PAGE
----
W3C home > Mailing lists > Public > w3c-rdfcore-wg@w3.org > February 2002

Re: why S doesn't require double properties [was: Datatyping Summary V4]

From: Patrick Stickler <patrick.stickler@nokia.com>
Date: Tue, 05 Feb 2002 11:13:37 +0200
To: Pat Hayes <phayes@ai.uwf.edu>
CC: RDF Core <w3c-rdfcore-wg@w3.org>
Message-ID: <B8856EE1.D393%patrick.stickler@nokia.com>
On 2002-02-05 1:47, "ext Pat Hayes" <phayes@ai.uwf.edu> wrote:

>> People must be free to use either idiom, and since folks
>> *will* be using both idioms, even if not in the same
>> knowledge base, there will *have* to be two versions of
>> every ontology, one for each idiom.
> Well, it may not be this bad. Here's a worst-case scenario. There are
> ontologies out there using all the idioms, and you want to be able to
> get information from them all and interrelate it all together. One
> way you can do this is to choose the idiom you like, and translate
> the others into that one on the fly. For local typing this is easy;
> you could do it with a simple scripting language. (You have to be
> able to recognize urirefs denoting datatypes, but those are supposed
> to be 'global' in any case, right?)
> For range-style typing you have an option,  but the easiest way to
> handle it (and the safest) would be to  try to infer a 'local'
> statement of type from the range information and then, as a
> precaution, applying your transformations rules on the local
> assertion (that you have managed to conclude) to make sure it is in
> the local idiom you prefer.
> If everyone is prepared to do this much work, then you can publish
> your RDF using any idiom and be sure that people will understand you.

I am not willing to do that much work if it is not necessary
to do so. And I believe that the KISS principle very much
applies here. If we *have* to use different vocabularies for
different idioms, so be it, but I do not concede that we must.

One of the attractions (for me at least, and I think for others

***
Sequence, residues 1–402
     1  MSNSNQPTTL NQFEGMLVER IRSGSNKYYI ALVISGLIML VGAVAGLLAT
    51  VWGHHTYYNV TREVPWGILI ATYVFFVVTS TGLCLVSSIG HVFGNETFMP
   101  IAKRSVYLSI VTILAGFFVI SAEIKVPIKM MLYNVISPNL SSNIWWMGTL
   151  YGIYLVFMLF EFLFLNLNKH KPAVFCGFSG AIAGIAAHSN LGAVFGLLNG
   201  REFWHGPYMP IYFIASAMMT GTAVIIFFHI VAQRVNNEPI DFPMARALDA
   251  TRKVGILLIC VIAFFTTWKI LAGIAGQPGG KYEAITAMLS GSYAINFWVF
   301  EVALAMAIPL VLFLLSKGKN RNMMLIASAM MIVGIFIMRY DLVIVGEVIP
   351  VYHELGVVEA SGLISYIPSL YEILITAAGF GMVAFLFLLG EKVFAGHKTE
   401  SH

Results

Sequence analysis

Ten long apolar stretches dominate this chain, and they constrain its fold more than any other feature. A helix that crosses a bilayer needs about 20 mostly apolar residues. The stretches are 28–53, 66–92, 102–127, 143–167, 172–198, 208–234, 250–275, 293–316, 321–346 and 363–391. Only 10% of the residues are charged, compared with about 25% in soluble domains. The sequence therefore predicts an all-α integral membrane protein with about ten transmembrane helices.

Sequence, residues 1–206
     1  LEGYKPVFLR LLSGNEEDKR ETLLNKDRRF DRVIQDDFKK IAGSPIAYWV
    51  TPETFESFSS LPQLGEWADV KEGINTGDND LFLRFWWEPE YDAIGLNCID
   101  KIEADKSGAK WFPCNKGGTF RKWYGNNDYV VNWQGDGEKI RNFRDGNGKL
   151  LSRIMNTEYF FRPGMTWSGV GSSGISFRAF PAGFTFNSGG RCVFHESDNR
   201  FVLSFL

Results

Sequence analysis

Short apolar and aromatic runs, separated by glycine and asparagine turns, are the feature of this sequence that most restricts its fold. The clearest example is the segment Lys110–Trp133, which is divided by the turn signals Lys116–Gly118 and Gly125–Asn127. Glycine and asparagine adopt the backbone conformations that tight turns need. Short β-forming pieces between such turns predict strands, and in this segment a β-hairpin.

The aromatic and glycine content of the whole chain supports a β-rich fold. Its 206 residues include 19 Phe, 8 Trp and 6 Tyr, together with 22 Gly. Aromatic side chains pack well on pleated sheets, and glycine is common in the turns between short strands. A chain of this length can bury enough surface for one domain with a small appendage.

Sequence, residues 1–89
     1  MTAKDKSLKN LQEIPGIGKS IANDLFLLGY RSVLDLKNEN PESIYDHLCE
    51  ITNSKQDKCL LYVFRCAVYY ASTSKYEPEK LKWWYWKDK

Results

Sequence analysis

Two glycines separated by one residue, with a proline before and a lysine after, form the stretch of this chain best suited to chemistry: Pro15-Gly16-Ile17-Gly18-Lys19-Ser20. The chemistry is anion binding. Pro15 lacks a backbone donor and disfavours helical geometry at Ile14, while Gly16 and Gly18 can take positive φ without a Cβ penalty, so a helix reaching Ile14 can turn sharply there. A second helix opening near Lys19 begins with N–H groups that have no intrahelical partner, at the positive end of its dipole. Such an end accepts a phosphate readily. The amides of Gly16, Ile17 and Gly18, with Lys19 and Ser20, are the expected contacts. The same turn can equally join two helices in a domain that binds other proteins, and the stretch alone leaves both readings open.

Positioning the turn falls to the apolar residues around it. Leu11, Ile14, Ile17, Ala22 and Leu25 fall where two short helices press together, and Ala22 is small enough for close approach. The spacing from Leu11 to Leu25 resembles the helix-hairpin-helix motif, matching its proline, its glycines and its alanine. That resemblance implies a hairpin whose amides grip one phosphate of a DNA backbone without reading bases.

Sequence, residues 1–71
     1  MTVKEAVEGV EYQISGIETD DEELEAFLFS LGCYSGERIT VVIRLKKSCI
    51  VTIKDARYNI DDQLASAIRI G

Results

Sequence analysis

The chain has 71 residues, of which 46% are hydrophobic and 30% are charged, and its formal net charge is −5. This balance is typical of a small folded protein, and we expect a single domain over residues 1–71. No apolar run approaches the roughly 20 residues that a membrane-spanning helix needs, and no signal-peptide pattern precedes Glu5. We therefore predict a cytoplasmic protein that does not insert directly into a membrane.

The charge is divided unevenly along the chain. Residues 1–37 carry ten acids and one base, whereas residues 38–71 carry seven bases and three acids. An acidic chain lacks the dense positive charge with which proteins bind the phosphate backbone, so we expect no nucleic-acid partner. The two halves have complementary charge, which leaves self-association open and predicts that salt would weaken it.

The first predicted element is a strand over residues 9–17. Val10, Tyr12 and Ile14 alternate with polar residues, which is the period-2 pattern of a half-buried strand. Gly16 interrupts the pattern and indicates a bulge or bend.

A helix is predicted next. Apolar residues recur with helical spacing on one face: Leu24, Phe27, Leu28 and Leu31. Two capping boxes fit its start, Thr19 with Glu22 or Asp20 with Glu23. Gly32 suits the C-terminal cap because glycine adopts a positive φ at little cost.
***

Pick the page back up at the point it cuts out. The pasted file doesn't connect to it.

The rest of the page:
as well) of RDF is the ability to freely syndicate knowledge
in order to achieve a synergetic knowledge base. Having to do
any gymnastics on syndication to prevent datatyping idioms
from colliding is IMO unacceptable if it can be avoided.

Users deserve our every effort to avoid such complexity.

I will go down kicking and screaming on this issue. Sorry.

>>>>  Issue B5: Storage Requirements
>>>>  ===============================
>>>>  status: disputed.
>>>>  TDL requires significantly more storage to implement.
>>>  Sergey got back on this one, no?
>>>  In short: you may not need to store the whole string
>>>  lots of times, but you do need to store some sort
>>>  of distinct identity for each occurence of a string.
>> We've already clarified that there are means to allow
>> TDL to support tidy literals, both by idiom as well
>> as MT. I believe that this is a non-issue, or at most
>> an issue nearing resolution.
> I agree. The only case that absolutely requires untidy literal nodes
> is the old P++ case, where an in-line literal is used 'directly', but
> what it denotes is sensitive to property ranges, as in
> <mary> <age> "10" .
> <age> <rdfs:range> <xsd:integer> .
> meaning Mary is 10 (not "10") years old. Apart from this, we can have
> tidy literal nodes.
> Pat

Can we close this issue? Sergey?


Patrick Stickler              Phone: +358 50 483 9453
Senior Research Scientist     Fax:   +358 7180 35409
Nokia Research Center         Email: patrick.stickler@nokia.com
Received on Tuesday, 5 February 2002 04:13:20 UTC

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